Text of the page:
Bizarre Snacks: I’m a Cockta, you’re a Cockta, wouldn’t you like to be a Cockta too!

Let’s begin with this little gem of a tag line.
“Cockta: You will never forget your first.”
Are you through snickering? In Slovenia, Cockta is actually pronounced (Coke-taa), because when the soft drink was created in 1953, that’s who they wanted to emulate. The story (or fiction, who knows) goes that in 1952 when Ivan Deu, the director of Solvenija, Inc. came back from a trip to America, he had a bottle of Coca-Cola in his suitcase. Faster than you can say “It’s the real thing” he ordered his people to go make that, only better.
So, a chemical engineer by the name of Emerik Zelinka, now the father of Cockta, concocted a drink using herbs, mainly rosehip, and a bunch of others used mainly for combating the common cold, kind of like Moxie!
Cockta seems like such a confusing beverage, but fitting for a country that at the time really didn’t know what to make of itself. Slovenia’s history reads like a Russian novel, full of confounding characters. The Roman Empire. Frankish Empire. Holy Romans. Republic of Venice. Hapsburg Dynasty. First French Empire. After being trounced, annexed and occupied during the war by Germany, Italy and Hungry, the tiny little confused nation finally emerged as its own republic within the Socialist Federal Republic of Yugoslavia. Man, they had no idea which way was up when Ivan got off that plane. That coke in his briefcase must have been like a Capitalist beacon. “We may have no national identity,” Ivan must have thought, “but damn-it, we can all get behind coming home after a long day of being confused to a refreshing, cool, soda.!”
So off they went. Trouble was, even back in 1953 Emerik and his lab team, understood that Coke was bad for you. What to do? First they co-opted the Coca-Cola name. One original name was actually Cockta-Cockta. Second, they hired a bunch of architecture students (true, they did this) to develop a marketing campaign to promote the drink. Think about that – 1950s Yugoslavia architecture students sitting around a soviet-style table (likely made of concrete) with about three typefaces, a bunch of beer bottles and “Mother Yugoslavia is Proud of you Comrade” posters to work with.
Well, like any good young rebellious young men of the time, they decided to steal American marketing ideas of the era. And that meant cars and women! Yup, go to the company’s website to watch some of the amazing commercials filmed. Aside from the dialogue which appears dubbed by 70-year-old chain-smoking Slavic grandmas (you know what that sounds like!), the commercials might as well be part of a Beach Boys promotion. Take a look here: http://www.cockta.eu/en/#
So, with the shadow of Coca-Cola behind the brilliant marketing aimed straight at the young Slavs reading American Beat poetry and growing goatees, all Emerik had to do was, you know, make a drink. He was a chemical engineer so he got right down to it. First, no caffeine. I’m not sure if Emerik even understood that American cola had caffeine or maybe Emerik couldn’t get his hands on any. But whatever. Second, no phosphoric acid. Why? Again, the chemical engineer in Emerik understood that phosphoric acid was used as a rust remover and why in heaven’s name Americans were ingesting rust remover was beyond him.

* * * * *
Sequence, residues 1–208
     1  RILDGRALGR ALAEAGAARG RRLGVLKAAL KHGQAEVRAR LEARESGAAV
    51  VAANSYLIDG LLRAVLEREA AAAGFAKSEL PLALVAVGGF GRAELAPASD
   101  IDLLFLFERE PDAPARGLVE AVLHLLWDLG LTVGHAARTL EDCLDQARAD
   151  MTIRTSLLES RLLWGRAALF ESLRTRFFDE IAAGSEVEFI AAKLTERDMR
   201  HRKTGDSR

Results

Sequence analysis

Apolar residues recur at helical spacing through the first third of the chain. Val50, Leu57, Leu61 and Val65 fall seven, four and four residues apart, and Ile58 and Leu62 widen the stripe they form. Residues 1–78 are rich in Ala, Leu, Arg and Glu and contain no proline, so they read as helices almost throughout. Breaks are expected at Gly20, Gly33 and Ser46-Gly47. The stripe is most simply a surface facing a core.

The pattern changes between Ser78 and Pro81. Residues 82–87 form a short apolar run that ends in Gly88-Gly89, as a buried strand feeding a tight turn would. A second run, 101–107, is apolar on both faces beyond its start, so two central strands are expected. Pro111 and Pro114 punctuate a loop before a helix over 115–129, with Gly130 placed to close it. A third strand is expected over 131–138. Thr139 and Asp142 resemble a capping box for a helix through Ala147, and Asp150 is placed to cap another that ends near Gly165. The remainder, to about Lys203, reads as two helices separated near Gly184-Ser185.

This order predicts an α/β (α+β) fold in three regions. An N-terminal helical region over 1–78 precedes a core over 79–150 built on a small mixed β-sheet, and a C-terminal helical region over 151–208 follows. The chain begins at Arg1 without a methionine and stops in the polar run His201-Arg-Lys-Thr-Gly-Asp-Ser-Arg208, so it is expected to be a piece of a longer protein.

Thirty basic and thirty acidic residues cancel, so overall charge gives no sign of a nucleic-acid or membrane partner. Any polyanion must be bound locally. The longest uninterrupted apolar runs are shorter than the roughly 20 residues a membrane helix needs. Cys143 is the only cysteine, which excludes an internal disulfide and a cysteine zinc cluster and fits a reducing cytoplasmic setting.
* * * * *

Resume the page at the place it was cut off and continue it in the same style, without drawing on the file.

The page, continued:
So, the drink had to fizz. Carbonic acid. Check.
It had to be sweet. Caramelized sugar. Check.
It needed to be healthy. Vitamin C. Check.
Then, apparently, Emerik looked around his lab and noticed a box of rosehips laying there, that perhaps the gardener had snipped. Rosehips! Check! Oh what the hell, thought Emerik, let’s just toss in a bunch of these other herbs laying around in this wheelbarrow and see what happens.
Well, it worked. Cockta is the Cola of choice of most of the southern part of Europe that Americans never travel to: Slovenia, Croatia, Bosnia, Serbia, they can’t get enough of the stuff.
And recently, they introduced plastic containers, they have lime flavor and now a lite version as well.
In a head to head with a standard 8oz. can of Coke, Cockta does pretty well.
Coke: 150 calories. Cockta: 110
Coke: 28 g sugar. Cockta: 25
Cockta is higher in sodium, but not by much. Plus, no acid!
Tastewise, ummm, we imagine Cockta taking some time to get used to. We live in New England, but we didn’t grow up here. And we remember the first time we tasted Moxie. Yeah… there are New Englanders who will literally fight you if you disparage Moxie. To us, Moxie tastes like carbonated cough syrup.
And while Cockta certainly beat Moxie hands down, it still left you feeling vaguely like having electrodes taped to your tongue. Maybe it’s the rosehips, or who knows what other herbs. But a few minutes after finishing a bottle, the aftertaste was fairly sharp. The Vitamin C and sugar did provide a sweetness that you don’t find in traditional sodas, but that sweetness seems at war with the medicinal taste – like Flintstones vitamins which really don’t taste like candy.
Meenakshi was reminded of, in her words, a cross between RC Cola, Dr. Pepper and cough drops. She suggested Cockta might taste good as a mixer in vodka. (Ironically, as an aside, Cockta is used as a mixer in Slov bars!)
As a hike snack, the 8oz bottle was convenient and light, and if we were able to find a way to keep it cold, would be a fine after hike thirst quencher. But despite the absolutely wonderful history and marketing of Cockta, we’re going to pass. Unless we have the flu.

Cockta: You never forget the first one. True that!

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One Response to Bizarre Snacks: I’m a Cockta, you’re a Cockta, wouldn’t you like to be a Cockta too!

  1. Pingback: Monday round up: Flume Gorge Loop, an update on Nutts Pond and the return of Bizarre Snacks | EKP Adventures

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